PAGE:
What’s your manifesto?

Do you have a manifesto?

This week I read that Chris Dorner, the LA police officer who sought revenge by killing some people, had a manifesto. “Like the Unabomber,” wrote the news reporter. Manifestos aren’t only about destruction, you know, though they seem to get a bad rap. They can give us focus. They can speak our heart’s lovely desires and our life’s creative purposes.

Some time ago, a friend was in professional transition, and asked me to help her draft her “elevator speech,” the one she would use anytime she was able to steal 30-60 seconds with someone who might have a job connection. More recently, I was asked to write a faith statement, something I could tell to anyone who asked.Lift Every Voice and Sing

Then, in typography class this week, we were assigned to choose 80 or more words that mattered to us – song, poem, speech, whatever — and integrate them into a design. Mostly it’s a about learning to work with type, but I found the biggest challenge in choosing the 80+ words.

I considered “this land is your land,” by Woody Guthrie, especially the verses we don’t sing. Know this one?

One bright sunny morning in the shadow of the steeple
By the Relief Office I saw my people —
As they stood hungry, I stood there wondering if
This land was made for you and me.

(I think it’d make a dandy, way more singable, national anthem.)

Next, I thought of “here’s to the crazy ones” (which may be Jack Kerouac, Steve Jobs, some folks in the marketing department at Apple, or somebody else altogether); I considered the Ira Glass thing on not giving up, and Anne Lamotte’s irreverent reverence. I thought of “Passover Remembered,” by Alla Renee Bozarth, with its raw images of what freedom can do to a person and to relationships; I often read it in worship during our poverty events at UrbanSpirit. I pondered the UN’s Universal Declaration of Human Rights, and excerpts from any number of books I’ve read – Goad, Ehrenreich, Krugman, Kozol.  Poets and preachers, from Jackson Browne to Jeremiah Wright; Holly Near and others in the “women’s music” genre who were early influences for me. (“It takes every muscle in my heart to dance at our revolution, but I’m dancing, Emma.”) I thought about Sojourner Truth, Jesus, theologians, scripture, and the psalms and prophets that move me. There’s a lot to consider!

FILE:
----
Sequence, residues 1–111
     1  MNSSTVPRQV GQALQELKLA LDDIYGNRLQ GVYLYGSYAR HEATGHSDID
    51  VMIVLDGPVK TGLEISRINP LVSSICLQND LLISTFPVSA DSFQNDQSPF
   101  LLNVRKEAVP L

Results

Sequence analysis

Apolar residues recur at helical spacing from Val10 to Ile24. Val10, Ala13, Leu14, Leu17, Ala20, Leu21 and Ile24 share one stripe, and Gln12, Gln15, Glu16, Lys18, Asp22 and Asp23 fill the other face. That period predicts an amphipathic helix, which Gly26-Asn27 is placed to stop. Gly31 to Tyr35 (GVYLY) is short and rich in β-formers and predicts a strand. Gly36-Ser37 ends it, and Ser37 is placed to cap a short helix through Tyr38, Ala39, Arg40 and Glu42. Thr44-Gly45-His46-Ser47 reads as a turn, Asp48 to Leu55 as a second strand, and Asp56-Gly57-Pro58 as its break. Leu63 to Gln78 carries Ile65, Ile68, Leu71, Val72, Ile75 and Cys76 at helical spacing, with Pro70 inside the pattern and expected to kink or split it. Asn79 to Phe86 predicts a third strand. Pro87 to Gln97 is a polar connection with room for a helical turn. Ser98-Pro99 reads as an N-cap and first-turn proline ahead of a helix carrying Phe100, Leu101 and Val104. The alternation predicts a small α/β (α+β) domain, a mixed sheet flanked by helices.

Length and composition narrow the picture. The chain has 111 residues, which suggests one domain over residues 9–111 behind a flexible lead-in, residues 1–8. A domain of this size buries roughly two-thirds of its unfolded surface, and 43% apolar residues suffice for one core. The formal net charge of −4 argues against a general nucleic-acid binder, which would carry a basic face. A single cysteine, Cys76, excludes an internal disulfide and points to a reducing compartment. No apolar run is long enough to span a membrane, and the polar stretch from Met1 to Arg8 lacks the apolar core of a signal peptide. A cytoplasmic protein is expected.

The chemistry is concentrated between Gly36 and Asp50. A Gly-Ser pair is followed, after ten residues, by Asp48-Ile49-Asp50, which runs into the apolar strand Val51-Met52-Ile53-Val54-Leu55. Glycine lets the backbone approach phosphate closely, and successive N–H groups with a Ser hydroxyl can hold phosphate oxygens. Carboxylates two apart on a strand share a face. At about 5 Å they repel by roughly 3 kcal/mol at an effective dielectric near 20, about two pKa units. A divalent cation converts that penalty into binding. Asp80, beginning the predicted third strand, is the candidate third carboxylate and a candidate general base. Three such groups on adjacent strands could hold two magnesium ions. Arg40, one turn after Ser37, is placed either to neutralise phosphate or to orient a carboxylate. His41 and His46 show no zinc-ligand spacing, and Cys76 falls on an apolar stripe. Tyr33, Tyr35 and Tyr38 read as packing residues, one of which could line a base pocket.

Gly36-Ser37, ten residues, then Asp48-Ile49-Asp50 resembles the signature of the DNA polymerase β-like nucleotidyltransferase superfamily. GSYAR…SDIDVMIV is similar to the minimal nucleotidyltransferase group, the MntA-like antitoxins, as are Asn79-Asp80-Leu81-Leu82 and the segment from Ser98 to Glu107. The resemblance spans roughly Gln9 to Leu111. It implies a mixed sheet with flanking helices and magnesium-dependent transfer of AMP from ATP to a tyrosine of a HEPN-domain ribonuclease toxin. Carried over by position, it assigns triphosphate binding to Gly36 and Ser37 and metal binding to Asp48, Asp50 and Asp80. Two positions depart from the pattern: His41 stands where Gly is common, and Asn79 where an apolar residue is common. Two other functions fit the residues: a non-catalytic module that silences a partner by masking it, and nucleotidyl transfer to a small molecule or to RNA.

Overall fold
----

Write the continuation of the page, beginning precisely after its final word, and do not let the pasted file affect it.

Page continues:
Finally, I landed on the words of the hymn by James Weldon Johnson, “Lift Every Voice and Sing.” Sometimes called the Black national anthem, it is a liberation song. So, for this assignment, I set it into the symbols of the gay community — symbols of Nazi genocide, burned into our psyches as they were carved into our forearms, symbols that we only later claimed as our empowerment. I also hear these words speak powerfully to the never-ending struggle for economic human rights; they move me, often to tears.

This song I’ve chosen isn’t my manifesto, exactly, and it isn’t my elevator speech, but it does call me to consider who I am, where I came from and what I want my life to be about.

My classmates in typography at Ivy Tech SoFAD are an interesting bunch of folks. We are all white, and mostly from Louisville/Southern Indiana, but we come from multiple generations and circumstances, and bear our varied perspectives on the world. They educate me; I hope I do the same for them. I’m asking them to post their choices, and offer a word or thought about how they decided.

I’m asking you, as well: what moves you? What would your “80 or so” words be? If you’re willing, add yours — or a link — in the comment section.

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About Deb Conrad
I’m Deb Conrad, pastor, teacher, photographer, writer, antique-lover, cat-mom, wine-drinker and old-house-seeker. I have a bike by Burley and knees by Stryker. I play guitar marginally, bowl when I can. I live in Flint, Michigan, with previous lives in SC, NJ, PA, MD, Washington DC, TX, CA and KY. I founded and still help run UrbanSpirit, a poverty education center in Louisville (link below), where I meet interesting people and try to do what I can to change the world. I'm pastor of Woodside Church in Flint, a groovy place if ever there was one.

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